acknowledged that not every organization and every interest was
represented at that meeting. This was the first meeting, a very
important meeting. What's most significant about it is such meetings
like this would not have occurred a month and a half ago, where
different opinions could be expressed on what the future of Iraq
should be, and what role each party might play. This was historic, it
was momentous and it was significant.

There will be other meetings, and there will be choices made by other
parties as to whether they want to participate, how they would
participate. We certainly would expect that if anyone comes to a
meeting in the future it would be in a constructive way, not in a
disruptive way. And I think that's the nature of the invitation that
goes out as time goes on.

Your second question, if you can prompt me on that again please?

Q: (Off mike)?

GEN. BROOKS: Yes, thank you very much. All it takes is usually one
word to get me back on track. There are parts in the northwest where
we haven't had conventional forces move. We have had Special
Operations forces that have established checkpoints, or they passed
through areas or maintained surveillance on areas. In some cases it
requires going physically to towns, like Ar Ramady (ph). We certainly
have observed Ar Ramady (ph), and we've conducted kinetic operations
against formations in Ar Ramady (ph), and we have maintained
surveillance of Ar Ramady (ph). But we hadn't physically gone there.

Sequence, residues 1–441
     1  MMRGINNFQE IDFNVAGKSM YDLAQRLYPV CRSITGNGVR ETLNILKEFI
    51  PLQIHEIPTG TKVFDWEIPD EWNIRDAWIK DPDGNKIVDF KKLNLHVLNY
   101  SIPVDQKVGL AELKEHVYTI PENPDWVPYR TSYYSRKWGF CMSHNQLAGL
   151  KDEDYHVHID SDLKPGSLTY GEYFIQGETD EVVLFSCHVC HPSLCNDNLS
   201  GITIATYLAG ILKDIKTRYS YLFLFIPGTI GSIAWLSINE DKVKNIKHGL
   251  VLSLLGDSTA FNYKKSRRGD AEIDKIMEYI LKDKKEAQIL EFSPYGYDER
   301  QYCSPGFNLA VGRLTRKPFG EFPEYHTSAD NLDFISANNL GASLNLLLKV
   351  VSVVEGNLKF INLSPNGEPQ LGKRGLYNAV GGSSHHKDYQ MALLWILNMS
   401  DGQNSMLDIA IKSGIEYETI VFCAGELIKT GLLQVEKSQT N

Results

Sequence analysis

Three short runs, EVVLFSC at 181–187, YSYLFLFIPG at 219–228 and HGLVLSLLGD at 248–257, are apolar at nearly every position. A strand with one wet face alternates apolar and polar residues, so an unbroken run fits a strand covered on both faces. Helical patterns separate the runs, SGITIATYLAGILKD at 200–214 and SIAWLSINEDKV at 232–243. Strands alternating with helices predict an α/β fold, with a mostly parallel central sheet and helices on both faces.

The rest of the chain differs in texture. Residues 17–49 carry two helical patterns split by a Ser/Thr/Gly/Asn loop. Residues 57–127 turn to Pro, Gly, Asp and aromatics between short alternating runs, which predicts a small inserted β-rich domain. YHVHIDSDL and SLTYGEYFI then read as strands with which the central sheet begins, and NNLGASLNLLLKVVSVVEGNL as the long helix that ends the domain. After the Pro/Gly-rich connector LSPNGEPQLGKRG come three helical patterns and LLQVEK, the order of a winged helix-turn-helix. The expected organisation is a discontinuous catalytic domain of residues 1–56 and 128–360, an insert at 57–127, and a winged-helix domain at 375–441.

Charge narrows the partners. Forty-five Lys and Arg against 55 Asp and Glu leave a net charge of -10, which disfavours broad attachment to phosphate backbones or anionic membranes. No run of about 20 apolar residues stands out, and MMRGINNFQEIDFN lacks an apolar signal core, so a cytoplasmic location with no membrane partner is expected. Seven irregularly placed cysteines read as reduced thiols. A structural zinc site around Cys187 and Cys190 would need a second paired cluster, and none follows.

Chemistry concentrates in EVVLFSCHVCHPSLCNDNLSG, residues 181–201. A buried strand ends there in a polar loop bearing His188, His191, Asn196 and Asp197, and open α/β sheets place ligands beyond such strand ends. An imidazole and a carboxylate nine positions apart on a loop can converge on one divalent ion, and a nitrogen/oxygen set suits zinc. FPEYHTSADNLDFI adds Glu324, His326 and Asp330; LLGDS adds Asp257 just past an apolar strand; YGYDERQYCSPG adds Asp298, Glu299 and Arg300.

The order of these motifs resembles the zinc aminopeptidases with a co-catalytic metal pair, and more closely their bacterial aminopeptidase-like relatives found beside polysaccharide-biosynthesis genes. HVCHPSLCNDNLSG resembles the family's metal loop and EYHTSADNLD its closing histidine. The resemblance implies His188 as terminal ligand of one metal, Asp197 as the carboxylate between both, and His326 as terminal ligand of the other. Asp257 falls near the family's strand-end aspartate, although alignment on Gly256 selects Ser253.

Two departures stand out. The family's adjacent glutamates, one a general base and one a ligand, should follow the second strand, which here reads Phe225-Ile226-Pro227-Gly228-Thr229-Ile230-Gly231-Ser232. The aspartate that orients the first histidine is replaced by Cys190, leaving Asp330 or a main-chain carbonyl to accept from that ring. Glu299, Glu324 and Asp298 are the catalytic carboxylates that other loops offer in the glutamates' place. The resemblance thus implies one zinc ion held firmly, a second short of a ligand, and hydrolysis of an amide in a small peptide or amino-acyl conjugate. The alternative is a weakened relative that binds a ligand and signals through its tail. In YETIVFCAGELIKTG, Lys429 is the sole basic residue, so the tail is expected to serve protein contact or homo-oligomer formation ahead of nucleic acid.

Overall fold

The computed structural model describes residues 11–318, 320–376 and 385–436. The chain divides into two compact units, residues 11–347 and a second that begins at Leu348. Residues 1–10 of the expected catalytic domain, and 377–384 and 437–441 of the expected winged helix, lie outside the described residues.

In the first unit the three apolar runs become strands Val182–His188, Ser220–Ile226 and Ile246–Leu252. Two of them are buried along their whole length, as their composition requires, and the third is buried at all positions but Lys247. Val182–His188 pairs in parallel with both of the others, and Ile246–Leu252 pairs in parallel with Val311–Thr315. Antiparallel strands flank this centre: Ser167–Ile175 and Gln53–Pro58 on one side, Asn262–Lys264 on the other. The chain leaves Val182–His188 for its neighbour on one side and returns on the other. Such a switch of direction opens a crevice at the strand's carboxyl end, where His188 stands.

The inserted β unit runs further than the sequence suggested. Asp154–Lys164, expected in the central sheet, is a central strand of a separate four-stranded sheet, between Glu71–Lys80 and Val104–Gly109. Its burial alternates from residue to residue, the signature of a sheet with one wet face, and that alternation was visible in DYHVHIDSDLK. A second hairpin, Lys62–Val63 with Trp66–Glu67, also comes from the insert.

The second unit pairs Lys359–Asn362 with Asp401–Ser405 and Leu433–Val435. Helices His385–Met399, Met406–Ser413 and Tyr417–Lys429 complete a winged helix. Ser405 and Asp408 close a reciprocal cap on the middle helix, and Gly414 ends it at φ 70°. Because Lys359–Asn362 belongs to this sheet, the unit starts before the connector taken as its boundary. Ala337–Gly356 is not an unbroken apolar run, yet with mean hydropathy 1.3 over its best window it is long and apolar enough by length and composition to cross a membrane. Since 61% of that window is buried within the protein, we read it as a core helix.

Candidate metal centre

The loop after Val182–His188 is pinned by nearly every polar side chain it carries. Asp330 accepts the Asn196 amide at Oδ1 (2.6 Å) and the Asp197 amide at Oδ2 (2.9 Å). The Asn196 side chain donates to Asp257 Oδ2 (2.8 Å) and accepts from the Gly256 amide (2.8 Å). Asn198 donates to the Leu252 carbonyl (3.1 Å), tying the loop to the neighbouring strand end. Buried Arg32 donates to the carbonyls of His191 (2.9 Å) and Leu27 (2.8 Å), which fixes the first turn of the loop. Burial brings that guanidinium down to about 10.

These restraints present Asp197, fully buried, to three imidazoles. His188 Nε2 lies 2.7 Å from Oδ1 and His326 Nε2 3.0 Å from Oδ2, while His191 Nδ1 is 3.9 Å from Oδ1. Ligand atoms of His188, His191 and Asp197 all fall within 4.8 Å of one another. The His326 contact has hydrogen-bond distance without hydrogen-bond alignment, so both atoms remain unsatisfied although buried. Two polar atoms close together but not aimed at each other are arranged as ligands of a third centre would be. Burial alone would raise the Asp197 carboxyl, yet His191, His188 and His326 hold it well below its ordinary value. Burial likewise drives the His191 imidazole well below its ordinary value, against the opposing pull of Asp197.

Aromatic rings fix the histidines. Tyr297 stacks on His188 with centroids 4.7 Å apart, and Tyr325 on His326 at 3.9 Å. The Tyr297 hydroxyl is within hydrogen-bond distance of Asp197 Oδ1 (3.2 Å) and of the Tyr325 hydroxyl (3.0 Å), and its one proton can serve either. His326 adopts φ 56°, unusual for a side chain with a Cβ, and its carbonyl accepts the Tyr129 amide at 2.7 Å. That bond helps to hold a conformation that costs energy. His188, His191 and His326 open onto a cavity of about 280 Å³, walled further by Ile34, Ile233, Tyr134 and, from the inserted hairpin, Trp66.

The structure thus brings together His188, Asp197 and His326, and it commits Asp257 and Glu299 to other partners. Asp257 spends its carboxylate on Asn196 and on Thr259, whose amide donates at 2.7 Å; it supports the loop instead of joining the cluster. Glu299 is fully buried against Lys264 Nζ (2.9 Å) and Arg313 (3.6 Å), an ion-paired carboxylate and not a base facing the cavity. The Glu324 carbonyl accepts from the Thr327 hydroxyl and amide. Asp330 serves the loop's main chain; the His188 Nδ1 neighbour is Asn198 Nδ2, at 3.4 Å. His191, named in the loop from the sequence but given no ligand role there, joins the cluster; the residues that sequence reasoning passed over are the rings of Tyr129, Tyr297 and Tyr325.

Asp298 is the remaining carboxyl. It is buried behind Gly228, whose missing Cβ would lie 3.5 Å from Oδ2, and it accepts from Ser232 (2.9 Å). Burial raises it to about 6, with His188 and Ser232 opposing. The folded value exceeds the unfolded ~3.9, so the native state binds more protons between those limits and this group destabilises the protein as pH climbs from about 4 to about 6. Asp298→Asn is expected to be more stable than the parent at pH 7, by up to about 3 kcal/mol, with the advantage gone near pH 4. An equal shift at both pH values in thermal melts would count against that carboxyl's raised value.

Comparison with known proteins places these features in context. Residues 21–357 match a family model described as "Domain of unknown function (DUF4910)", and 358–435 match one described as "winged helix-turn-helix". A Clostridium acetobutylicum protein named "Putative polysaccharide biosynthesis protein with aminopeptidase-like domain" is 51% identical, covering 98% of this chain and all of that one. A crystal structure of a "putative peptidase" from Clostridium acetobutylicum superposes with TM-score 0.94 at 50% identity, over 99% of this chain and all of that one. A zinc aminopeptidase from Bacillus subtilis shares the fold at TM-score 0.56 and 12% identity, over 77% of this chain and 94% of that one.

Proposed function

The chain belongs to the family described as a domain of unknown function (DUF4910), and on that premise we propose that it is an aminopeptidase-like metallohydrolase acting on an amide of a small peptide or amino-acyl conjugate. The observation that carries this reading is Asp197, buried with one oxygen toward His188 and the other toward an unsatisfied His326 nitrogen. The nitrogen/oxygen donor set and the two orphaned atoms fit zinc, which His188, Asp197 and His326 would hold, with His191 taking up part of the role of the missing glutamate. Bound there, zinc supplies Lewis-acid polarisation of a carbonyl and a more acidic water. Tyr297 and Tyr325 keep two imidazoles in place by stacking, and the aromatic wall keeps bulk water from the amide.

And by physically going there we had the capitulation of an armored
brigade. So things like that. We had similar activities in Al Amara a
few days ago. Now that we have had formations pass through there, the
formations in Al Amara turned and went to Al Kut, which was initially
isolated, bypassed to the west, and then we proceeded on to Baghdad.
Many of the formations there, when they saw the successes in Baghdad,
and also as we destroyed some of their forces through air action and
some direct action, left the battlefield. What else is there? We've
got to physically go look, and that's ongoing right now. We find Al
Kut is headed in the right direction. And there are other areas that
are like that as well. So in virtually any pocket that we have not
been to or have not applied adequate presence to yet, even if we
passed through there once already, we'll go to each one of them in a
very deliberate way.

Yes, please?

Q: If we could talk about WMD again for a moment, do you have any
indications that any of the units that have capitulated had in their
possession chemical gear, gas masks and so forth? Did any of the units
that you have defeated show on the battlefield any evidence that they
were in possession of those sorts of things? And, if not, and if after
several thousand POWs and even some leaders are in your custody, if
they are not providing evidence to lead you to those weapons, doesn't
it suggest that the weapons were not readily available for use?

GEN. BROOKS: I think the only thing we can conclude at this point is
that the information we have has guided us to some different places.
The people that have been taken into our custody had knowledge of